Pakistan wicketkeeper Zulqarnain Haider claimed on Tuesday he had been ordered to cooperate with match-fixers during the One-day series with South Africa [ Images ] that ended Monday in Dubai [ Images ].
Zulqarnain, who fled the team hotel Monday and reached London [ Images ] hours later, told the Geo News channel he had been approached by a person who asked him to fix the fourth and fifth One-dayers.
"I was approached by one person who asked me to fix the fourth and fifth match and there would be problem for me if I did not do it," Haider said from London.
"I do not want to say who is involved and who is not involved in the match fixing.
"The country is like a mother and anyone who sells it cannot get anything in life. I did not want to sell my mother, I did not want to sell my country and I did what I thought was better," he added.
Zulqarnain mysteriously left the team hotel hours before the fifth and final One-day match eventually won by South Africa who took the series 3-2.
He landed in London hours later and spent almost four hours locked in discussions with immigration authorities before finally emerging from the Heathrow airport.
Zulqarnain said he had not yet decided on whether to seek political asylum in Britain.
"I have not thought about this, I don't even have enough money to hire a lawyer, my only concern now is the security of my family in Lahore [ Images ]," he said.
The 24-year old, who has played just one Test and four ODIs, insisted he did not regret his decision to walk out on the team.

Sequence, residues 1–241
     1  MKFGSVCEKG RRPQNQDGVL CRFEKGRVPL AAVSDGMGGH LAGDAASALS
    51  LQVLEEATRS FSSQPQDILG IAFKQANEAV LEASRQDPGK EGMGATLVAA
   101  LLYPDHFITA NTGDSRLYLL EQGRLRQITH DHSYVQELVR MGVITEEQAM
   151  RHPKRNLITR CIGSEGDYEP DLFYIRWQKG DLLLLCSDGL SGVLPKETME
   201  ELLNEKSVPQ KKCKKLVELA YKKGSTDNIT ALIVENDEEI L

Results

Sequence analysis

"I did what I felt was right. I don't want to go into details now," he said.
"But it is a fact that I couldn't be part of any corruption in the series or go against my country," he added.
Zulqarnain said he had gone to London because he felt safe there and knew that in Britain the law protected those in the right.
"I understand there is a rule in Britain that if you are right and if you are not a criminal, then they always protect you," Haider told Geo News.
Security has been beefed up at Haider's house in Lahore but the wicketkeeper, who has played just one Test and four ODIs, said he continues to fear for his family's safety.
"I cannot say what kind of threats I have received as my family is still in Pakistan," he said.
The Pakistan Cricket Board (PCB) said the player had not informed them he was planning to leave the hotel nor had he told them the reason for his sudden decision.
"A full inquiry will be held into the circumstances surrounding this incident," the PCB said in a statement.